Make up your own – Human limbs are funny, bendy things. We can contort ourselves into lots of positions, and as long as you’re on the floor, supporting your own weight and feel comfortable doing it, it’s difficult to hurt yourself. Our bodies are good at giving feedback before things go really wrong. If your arm starts to go numb or your toes get tingly, switch it up! Try coming up with some of your own variations for sitting on the ground and report back.

CrawlContralateral crawling is one of the most fundamental ways to move. It’s a strong developer of shoulder and hip mobility and strength, and it’s simply a fun way to see and experience the world.

Now that you have some idea of what to do when you’re on the ground, I’d like you to spend the next week doing as much floor living as possible. I don’t expect you to ditch the office chair and roll around the ground while at work, but I do expect you to get in some quality floor time when you’re at home.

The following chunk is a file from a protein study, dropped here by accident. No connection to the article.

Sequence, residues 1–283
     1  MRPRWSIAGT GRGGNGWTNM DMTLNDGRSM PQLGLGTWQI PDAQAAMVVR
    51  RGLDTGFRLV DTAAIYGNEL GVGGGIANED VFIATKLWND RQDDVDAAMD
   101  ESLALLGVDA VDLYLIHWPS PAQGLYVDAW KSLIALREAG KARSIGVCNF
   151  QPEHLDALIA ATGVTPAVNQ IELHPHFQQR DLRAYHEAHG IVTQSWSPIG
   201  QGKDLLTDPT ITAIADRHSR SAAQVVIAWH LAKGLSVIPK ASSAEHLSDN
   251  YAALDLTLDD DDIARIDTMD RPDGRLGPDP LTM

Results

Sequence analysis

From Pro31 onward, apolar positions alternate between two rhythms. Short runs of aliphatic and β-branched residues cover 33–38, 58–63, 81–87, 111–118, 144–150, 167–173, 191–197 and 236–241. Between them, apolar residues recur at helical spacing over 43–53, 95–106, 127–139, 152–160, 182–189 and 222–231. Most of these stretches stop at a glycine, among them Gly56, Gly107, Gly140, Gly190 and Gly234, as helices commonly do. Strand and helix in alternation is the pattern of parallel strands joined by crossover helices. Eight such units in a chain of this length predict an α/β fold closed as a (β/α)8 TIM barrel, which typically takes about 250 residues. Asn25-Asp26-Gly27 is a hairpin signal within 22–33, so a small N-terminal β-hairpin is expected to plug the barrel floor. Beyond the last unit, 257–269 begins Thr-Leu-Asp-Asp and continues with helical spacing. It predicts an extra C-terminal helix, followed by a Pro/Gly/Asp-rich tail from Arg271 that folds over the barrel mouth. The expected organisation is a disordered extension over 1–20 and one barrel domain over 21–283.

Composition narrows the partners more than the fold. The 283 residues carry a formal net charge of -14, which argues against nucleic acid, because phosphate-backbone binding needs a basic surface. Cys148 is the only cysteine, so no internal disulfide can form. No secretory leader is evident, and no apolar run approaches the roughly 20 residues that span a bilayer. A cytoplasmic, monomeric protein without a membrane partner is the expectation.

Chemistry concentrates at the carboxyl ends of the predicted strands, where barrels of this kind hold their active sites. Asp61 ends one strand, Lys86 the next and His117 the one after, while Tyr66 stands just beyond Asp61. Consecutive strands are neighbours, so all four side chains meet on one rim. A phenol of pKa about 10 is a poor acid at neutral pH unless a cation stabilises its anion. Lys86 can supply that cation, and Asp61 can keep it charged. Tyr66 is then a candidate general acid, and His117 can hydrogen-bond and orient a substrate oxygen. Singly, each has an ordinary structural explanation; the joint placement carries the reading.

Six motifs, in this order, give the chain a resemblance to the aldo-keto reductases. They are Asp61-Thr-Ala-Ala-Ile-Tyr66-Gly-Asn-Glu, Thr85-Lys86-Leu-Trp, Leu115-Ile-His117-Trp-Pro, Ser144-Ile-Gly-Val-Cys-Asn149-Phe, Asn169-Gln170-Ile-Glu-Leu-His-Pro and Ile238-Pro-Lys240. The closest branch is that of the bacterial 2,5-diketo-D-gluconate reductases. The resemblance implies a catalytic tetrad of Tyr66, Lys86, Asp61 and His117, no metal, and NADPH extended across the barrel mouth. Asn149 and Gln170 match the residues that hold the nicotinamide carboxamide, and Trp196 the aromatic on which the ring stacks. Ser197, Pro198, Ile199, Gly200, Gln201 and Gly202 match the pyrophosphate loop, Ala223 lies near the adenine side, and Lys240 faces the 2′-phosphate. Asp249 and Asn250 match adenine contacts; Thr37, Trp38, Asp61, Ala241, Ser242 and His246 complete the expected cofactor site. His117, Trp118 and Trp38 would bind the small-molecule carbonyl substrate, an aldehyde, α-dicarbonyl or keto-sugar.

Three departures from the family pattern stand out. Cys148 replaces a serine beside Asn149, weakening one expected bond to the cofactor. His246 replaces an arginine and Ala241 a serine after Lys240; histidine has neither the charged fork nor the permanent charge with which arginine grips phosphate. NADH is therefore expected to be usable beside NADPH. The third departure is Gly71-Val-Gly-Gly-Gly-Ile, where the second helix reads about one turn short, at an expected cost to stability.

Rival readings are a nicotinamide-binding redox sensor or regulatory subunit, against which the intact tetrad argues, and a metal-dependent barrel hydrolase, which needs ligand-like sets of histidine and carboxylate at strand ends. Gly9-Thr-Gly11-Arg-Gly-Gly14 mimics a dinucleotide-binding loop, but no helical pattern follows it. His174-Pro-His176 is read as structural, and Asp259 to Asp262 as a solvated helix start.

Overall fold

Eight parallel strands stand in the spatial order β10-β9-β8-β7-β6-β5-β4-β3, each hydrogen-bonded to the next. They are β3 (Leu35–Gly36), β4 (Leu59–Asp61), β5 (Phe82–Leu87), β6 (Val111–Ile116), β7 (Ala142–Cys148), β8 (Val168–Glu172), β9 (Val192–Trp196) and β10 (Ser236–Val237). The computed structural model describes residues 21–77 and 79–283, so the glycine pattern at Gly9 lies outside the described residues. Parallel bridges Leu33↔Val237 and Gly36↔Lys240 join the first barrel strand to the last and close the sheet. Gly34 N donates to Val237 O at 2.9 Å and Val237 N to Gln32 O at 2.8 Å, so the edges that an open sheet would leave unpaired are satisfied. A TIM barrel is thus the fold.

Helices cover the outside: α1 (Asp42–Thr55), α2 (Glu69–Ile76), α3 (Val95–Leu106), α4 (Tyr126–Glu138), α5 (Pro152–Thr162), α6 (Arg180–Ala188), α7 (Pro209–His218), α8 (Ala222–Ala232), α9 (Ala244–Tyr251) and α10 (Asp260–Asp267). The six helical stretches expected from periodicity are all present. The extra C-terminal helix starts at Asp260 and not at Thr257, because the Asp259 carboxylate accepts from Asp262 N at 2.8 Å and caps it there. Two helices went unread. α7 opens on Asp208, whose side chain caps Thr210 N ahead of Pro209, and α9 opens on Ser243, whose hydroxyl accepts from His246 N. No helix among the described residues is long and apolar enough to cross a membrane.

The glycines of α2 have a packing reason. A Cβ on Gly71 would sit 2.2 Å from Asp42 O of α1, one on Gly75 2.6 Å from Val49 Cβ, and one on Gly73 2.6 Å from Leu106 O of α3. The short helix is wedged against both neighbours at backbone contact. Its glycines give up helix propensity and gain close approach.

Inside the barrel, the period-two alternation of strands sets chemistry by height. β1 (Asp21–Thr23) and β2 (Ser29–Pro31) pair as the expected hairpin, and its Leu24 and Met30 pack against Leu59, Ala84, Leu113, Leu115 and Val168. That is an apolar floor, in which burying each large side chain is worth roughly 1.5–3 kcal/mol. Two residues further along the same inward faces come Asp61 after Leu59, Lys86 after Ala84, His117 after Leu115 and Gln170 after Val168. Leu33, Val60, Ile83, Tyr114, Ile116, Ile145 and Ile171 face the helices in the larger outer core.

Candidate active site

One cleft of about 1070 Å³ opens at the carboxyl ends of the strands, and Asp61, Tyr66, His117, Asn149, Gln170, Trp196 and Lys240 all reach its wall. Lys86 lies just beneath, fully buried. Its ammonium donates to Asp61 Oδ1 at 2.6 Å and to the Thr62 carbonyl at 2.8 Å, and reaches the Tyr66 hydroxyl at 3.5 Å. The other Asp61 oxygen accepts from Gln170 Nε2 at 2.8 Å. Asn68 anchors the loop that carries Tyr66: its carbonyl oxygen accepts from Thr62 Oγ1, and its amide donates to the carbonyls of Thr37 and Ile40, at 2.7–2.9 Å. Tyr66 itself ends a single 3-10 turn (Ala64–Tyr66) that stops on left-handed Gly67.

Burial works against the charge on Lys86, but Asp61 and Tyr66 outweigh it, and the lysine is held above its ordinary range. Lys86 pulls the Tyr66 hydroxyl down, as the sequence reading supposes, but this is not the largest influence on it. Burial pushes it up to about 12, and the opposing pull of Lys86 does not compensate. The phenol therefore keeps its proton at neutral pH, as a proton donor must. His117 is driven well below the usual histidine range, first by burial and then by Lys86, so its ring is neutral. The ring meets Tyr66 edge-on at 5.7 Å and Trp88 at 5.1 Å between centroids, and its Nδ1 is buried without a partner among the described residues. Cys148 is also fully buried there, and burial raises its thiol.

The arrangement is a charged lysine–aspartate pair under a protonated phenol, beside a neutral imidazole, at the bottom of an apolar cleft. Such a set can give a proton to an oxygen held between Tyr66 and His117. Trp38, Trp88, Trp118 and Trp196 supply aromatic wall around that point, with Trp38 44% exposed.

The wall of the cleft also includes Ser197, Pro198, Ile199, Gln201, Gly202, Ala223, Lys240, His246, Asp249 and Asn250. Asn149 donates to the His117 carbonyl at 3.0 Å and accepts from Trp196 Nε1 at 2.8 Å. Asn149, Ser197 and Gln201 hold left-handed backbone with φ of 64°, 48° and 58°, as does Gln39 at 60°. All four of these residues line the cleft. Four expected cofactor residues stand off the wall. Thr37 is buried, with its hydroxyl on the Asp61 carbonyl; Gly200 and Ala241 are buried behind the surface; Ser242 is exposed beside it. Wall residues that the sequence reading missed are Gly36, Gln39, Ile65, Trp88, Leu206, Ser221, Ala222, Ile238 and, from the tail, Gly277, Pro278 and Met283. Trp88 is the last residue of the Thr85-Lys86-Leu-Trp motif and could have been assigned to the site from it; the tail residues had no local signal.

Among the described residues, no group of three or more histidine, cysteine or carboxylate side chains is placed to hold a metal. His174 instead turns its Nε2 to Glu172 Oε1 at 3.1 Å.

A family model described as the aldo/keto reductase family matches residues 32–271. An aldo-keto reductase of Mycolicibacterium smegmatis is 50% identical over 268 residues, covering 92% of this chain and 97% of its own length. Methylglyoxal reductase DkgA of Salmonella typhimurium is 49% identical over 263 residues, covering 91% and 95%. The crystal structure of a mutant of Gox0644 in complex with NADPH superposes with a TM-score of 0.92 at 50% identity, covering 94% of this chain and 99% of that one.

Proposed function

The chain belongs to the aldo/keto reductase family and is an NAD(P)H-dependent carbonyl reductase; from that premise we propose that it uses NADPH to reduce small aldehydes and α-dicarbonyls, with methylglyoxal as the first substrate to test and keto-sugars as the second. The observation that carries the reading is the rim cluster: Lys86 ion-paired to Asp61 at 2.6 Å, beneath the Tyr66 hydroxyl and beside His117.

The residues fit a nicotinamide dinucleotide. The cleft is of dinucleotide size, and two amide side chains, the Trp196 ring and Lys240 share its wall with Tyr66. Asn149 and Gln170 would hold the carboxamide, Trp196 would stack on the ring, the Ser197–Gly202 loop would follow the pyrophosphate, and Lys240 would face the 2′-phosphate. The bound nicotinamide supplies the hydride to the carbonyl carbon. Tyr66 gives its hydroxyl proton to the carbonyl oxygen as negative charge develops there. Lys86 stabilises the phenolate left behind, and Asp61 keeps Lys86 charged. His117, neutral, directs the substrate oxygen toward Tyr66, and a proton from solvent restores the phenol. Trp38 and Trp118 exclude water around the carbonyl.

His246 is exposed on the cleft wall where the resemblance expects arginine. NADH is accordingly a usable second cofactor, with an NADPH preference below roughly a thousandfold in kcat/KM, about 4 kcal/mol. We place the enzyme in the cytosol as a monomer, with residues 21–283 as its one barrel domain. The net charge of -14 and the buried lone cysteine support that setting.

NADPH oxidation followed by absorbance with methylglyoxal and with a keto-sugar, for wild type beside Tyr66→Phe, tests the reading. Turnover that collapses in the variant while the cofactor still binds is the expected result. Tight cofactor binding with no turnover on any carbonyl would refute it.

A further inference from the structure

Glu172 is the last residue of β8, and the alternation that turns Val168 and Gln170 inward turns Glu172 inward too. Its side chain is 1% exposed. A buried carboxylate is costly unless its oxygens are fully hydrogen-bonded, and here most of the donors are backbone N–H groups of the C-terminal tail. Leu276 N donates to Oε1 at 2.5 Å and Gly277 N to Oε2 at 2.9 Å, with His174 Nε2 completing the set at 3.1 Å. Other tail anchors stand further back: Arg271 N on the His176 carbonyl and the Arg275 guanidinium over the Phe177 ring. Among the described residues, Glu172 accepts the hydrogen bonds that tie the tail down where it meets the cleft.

Watch TV on the floor. There’s nothing inherently wrong with TV. Sure, it can be taken to the extreme and crowd out active living, but it’s arguably a golden age of television as far as quality goes. The couch sitting, though, is what gets you.

Eat dinner on the floor. This isn’t something I created out of thin air; plenty of cultures eat dinner on the ground.

Try different positions. You’ll probably find that floor living is a constantly shifting existence, where instead of remaining in the same position for hours at a time, you’re moving around all the time without even trying. You’re switching from the right arm to the left arm to the right elbow to the full lotus position to the half kneel to the full kneel to the full squat just in the first two hours.

Practice moving between positions. Go from standing to a half kneel to a kneel to a seiza to a kneel to a half kneel to standing.